Bubonic plague, we’ve long known, is transmitted by fleas infected with the bacteria Yersinia pestis. The bacteria form large masses in the fleas’ digestive tracts and eventually starve them to death; but before they die, during their increasingly persistent and frustrated attempts to feed, the fleas regurgitate infected blood into their victims. All that is clear. What has puzzled researchers, however, is just how Y. pestis manages to survive inside fleas in the first place. The flea’s digestive tract is very inhospitable for bacteria, says Joe Hinnebusch, a microbiologist at the National Institutes of Health’s Rocky Mountain Laboratories in Montana. Fleas are frequent blood feeders and they excrete often, so it’s hard for bacteria to stick around.
Hinnebusch hasn’t found a way to control the spread of the plague (the disease is readily treatable with antibiotics if diagnosed early enough), but he may have discovered how Y. pestis manages to thrive where other bacteria cannot. He started with the suspicion that the solution must somehow involve the bacteria’s interaction with blood. Eventually that led him to focus on a stretch of dna in the bacteria called the hemin storage, or hms, locus, which contains genes that code for proteins that bind hemin, an iron-carrying molecule found in blood. Hinnebusch knew from earlier studies that these genes don’t function at the relatively high temperatures found in mammalian bodies. They become active only at lower temperatures-- about 78 degrees--suggesting that their job in the plague scenario is performed in the cold-blooded flea and not the hot human.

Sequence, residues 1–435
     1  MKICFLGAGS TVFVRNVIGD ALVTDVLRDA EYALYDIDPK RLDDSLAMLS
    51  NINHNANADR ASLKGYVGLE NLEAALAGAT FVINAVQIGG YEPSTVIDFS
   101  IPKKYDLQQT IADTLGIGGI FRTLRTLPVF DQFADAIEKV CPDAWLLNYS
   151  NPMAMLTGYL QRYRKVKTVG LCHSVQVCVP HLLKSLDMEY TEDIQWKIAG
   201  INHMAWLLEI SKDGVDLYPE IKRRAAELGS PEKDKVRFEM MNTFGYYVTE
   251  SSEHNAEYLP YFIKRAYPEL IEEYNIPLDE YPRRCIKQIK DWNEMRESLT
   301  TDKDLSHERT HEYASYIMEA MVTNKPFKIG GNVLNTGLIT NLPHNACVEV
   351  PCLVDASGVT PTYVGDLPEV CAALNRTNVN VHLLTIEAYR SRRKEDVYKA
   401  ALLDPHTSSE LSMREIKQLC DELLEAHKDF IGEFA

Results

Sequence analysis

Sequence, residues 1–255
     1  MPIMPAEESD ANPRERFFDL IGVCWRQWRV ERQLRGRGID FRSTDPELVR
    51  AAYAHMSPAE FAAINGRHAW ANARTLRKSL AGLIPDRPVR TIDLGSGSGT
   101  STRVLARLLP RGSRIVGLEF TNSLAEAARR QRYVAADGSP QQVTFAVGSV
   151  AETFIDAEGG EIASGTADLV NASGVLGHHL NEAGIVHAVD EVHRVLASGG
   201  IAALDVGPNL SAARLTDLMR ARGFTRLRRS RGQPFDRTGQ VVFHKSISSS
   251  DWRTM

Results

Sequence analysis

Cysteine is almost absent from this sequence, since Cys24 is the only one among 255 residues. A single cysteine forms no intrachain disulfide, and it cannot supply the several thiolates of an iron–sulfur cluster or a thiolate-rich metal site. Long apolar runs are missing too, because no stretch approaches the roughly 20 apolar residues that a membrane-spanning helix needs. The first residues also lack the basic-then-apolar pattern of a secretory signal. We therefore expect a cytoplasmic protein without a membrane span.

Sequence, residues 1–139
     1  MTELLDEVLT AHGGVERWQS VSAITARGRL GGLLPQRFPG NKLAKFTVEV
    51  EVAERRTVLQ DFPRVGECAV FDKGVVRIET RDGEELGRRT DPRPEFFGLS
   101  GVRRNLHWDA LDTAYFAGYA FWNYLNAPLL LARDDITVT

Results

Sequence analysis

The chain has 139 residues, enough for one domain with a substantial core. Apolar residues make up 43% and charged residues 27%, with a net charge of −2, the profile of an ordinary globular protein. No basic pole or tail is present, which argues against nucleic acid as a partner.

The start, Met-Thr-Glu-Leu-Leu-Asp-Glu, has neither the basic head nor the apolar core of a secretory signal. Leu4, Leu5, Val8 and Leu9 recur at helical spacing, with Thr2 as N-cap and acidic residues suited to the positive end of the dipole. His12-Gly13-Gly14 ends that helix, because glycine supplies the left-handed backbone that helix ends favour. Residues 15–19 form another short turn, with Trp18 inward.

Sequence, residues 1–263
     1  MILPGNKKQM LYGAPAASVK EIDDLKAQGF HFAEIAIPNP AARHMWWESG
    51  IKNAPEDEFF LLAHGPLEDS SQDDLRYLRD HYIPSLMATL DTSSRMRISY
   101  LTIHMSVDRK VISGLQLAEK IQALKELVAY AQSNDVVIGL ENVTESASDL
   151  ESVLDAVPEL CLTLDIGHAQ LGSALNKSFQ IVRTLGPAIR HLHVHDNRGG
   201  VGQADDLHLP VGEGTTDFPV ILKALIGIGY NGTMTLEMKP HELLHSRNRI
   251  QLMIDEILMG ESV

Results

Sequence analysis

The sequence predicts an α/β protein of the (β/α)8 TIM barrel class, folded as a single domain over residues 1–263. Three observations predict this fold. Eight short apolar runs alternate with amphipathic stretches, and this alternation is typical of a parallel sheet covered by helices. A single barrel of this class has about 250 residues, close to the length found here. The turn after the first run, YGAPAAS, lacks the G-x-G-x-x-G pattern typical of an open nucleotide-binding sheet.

Hinnebusch found that Y. pestis bacteria missing the hms genes could indeed infect fleas, but they did not block their digestive tracts-- the mutants lived peacefully in the midgut, allowing the fleas to feed normally. The fleas also excreted normally, though, and many of the mutants got flushed out in the process.
Bacteria with hms genes, however, not only colonize the midgut but clump together in a mass in the passageway leading from the esophagus to the midgut. The hms proteins somehow make a bacterium’s cell surface hydrophobic, or water fearing, says Hinnebusch, so the bacteria clump to avoid contact with blood. The bacteria clog the works, drive the flea into a feeding frenzy, and kill it--but not before they’ve moved on.